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Government to introduce appeal rights for extended family members

Government to introduce appeal rights for extended family members

The Secretary of State has confirmed that he intends to introduce appeal rights for extended family members of EEA nationals who have been refused a residence card. The government will lay legislation amending the Immigration (European Economic Area) Regulations 2016 “as soon as reasonably practicable”.

This important statement arises out of a test case that had been due to be heard in May 2019. The Secretary of State has invited the claimant to withdraw his judicial review (CO/2339/2018), in which we challenged the legality of the 2016 Regulations on the ground that it unlawfully prevents an appeal from an extended family member who has been refused a residence card under EU law.

What is an extended family member?

An “extended family member” is the UK version of what in EU law is called an “other family member” in Article 3 of Directive 2004/38. There are broadly three types of extended family member:

1. Dependants or members of the household of the EEA national who are dependent or members of household both before and after entry

2. A relative of an EEA national or his spouse or his civil partner and, on serious health grounds, strictly requires the personal care of the EEA national his spouse or his civil partner

3. A partner in a “durable relationship” with the EEA national

The free movement rights of extended family members are less strong than for direct family members such as spouses, children and dependent parents. For example, in the UK an extended family member must be granted a residence card in order to have full free movement rights.

– Colin Yeo

Over 18 months after he was refused a residence card, the claimant in the test case has his first indication that he will be able to appeal that refusal (in the event the Secretary of State continues to maintain the decision) to the First-tier Tribunal. My client is an Albanian national whose partner is Polish. At the time of his application for a residence card in December 2016, the couple had been in a relationship for some three and a half years and cohabiting for just over three years. The application was refused as it was concluded that the claimant had failed to provide sufficient evidence that he had a durable relationship with his partner. The refusal was under Regulation 8(5) of the 2016 Regulations.

The problem for the claimant was that, at the time of the Secretary of State’s decision, he was prevented from appealing the Secretary of State’s decision by Regulation 36 of the 2016 Regulations. He therefore had no alternative but to apply for judicial review. The judicial review claim was filed on 10 August 2017. Subsequently, the claim was stayed pending the judgment in Khan v SSHD [2017] EWCA Civ 1755. That judgment was delivered in November 2017 but it did not provide the whole answer to the issues between the parties in this case since the ruling in that case related to appeal rights for extended family members under the old Immigration (European Economic Area) Regulations 2006.

The proceedings therefore continued. Whilst it was pending, the Advocate General Bobek delivered his helpful Opinion in Case C-89/17 SSHD v Banger (Directive 2004/38/EC) expressed thus:

…it is my view that the answer to the fourth preliminary question should be that Article 3(2) of Directive 2004/38 must be interpreted as requiring effective judicial review of decisions denying entry or residence to extended family members, in line with Article 47 of the Charter. It is for the competent national court to ascertain whether the system of judicial review available under national law complies with that requirement.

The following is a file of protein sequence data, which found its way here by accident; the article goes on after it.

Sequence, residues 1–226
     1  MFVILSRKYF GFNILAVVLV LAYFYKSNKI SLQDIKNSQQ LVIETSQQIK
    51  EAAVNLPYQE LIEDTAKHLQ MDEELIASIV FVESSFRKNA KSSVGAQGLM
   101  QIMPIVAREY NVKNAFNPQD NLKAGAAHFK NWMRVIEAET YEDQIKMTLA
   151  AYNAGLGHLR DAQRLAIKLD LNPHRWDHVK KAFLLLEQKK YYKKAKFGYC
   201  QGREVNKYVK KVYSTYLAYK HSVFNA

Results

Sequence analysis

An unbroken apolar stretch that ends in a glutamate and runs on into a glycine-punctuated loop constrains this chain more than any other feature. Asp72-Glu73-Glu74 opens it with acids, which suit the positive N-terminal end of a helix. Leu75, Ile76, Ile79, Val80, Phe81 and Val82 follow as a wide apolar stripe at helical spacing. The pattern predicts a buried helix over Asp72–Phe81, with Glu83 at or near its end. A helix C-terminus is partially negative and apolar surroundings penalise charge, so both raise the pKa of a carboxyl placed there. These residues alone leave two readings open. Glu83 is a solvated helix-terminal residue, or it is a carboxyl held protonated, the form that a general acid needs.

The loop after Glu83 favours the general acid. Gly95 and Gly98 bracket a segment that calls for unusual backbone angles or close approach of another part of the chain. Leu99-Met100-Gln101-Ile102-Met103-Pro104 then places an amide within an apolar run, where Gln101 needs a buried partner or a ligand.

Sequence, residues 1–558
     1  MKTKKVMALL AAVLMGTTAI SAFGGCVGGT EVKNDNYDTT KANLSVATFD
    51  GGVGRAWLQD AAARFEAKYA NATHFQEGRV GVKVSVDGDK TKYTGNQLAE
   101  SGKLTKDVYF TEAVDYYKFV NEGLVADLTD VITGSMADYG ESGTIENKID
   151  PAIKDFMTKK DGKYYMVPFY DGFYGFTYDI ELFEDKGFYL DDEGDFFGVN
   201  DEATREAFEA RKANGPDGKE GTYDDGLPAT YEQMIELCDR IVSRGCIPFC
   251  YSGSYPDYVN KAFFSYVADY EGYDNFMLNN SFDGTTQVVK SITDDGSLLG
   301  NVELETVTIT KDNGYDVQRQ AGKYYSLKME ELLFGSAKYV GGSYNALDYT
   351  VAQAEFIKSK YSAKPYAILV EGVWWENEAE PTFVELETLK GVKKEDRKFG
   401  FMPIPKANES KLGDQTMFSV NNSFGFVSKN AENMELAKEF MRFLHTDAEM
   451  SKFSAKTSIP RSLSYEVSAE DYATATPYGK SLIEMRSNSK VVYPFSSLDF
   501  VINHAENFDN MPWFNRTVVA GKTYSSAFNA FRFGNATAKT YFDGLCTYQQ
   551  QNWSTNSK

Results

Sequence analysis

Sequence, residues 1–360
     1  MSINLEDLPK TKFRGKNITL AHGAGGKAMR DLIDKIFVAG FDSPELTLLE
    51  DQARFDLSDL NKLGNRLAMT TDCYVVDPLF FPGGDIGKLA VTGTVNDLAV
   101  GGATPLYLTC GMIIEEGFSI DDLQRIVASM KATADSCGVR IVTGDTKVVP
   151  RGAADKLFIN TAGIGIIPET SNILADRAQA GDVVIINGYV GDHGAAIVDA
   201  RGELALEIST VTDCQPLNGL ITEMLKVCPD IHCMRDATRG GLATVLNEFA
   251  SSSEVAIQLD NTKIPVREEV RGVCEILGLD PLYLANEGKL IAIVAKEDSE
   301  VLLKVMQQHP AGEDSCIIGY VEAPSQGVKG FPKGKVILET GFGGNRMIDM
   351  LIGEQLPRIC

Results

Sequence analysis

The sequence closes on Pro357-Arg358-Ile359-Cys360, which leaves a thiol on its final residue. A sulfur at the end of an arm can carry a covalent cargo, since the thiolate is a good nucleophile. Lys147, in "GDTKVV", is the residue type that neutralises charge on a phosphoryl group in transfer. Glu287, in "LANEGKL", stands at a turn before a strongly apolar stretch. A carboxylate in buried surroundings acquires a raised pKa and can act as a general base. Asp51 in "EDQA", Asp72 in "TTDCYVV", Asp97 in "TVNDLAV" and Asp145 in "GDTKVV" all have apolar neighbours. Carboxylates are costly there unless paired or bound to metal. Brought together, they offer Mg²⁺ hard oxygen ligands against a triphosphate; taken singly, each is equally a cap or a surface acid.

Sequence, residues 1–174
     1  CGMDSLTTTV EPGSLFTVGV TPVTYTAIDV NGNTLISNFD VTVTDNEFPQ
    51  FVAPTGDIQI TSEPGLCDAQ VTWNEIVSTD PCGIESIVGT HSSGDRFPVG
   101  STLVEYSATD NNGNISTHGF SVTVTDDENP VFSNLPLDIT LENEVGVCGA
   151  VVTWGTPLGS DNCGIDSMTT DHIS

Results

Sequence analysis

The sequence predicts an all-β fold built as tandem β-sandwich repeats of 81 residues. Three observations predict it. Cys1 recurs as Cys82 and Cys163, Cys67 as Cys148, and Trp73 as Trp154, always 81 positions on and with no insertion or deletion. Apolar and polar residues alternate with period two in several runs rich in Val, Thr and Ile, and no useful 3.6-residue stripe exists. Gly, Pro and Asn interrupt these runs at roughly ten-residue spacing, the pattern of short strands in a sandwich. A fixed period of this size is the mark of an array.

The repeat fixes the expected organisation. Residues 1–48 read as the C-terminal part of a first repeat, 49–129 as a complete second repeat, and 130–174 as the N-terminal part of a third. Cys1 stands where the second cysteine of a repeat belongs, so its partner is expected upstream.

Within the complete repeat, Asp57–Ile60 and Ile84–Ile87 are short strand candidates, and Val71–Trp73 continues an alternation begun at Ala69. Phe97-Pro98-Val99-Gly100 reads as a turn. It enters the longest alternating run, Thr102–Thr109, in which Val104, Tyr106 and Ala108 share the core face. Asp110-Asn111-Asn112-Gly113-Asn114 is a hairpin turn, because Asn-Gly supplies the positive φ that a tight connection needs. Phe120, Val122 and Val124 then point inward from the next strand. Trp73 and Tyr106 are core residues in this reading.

Note that the term ‘judicial review’ was not used here by AG Bobek to mean judicial review proceedings. Rather, it was used in a much more literal sense, to indicate the judicial examination of a relevant decision.

Armed with weighty support for his contentions, the claimant persevered with his application. Although the Secretary of State has only today decided to concede the issue of the 2016 Regulations unlawfully depriving extended family members of the right of appeal, the game over point – so far as this author is concerned – came on 12 July 2018. That was the date that the Court of Justice of the European Union’s gave its ruling in the Banger case. On the issue of whether it is compatible with Directive 2004/38/EC to operate a rule of national law which precludes an appeal to a court or tribunal against a decision refusing to issue a residence card to a person claiming to be an extended family member, the CJEU held that a national court must be able to evaluate whether the refusal decision rests on “a sufficiently solid factual basis” and whether the decision-maker complied with the requisite procedural safeguards governing any denial of entry or residence.

It is believed that in those cases that are stayed pending the test case, representatives should now be able to request that the Secretary of State’s decisions in those cases similarly be withdrawn.

Counsel in the case is Grace Brown instructed by Sharif Khan (sharifk@oliverandhasani.co.uk) of Oliver Hasani Solicitors.

Grace Brown

Grace represents clients in a wide range of immigration cases but her specialisms include cases involving gender-specific persecution, domestic violence, the rights of the child and family migration. Increasingly, her work overlaps with other areas of law including civil, education and other areas of public law. She has an empathetic but efficient approach to her cases which has proven effective and constructive.

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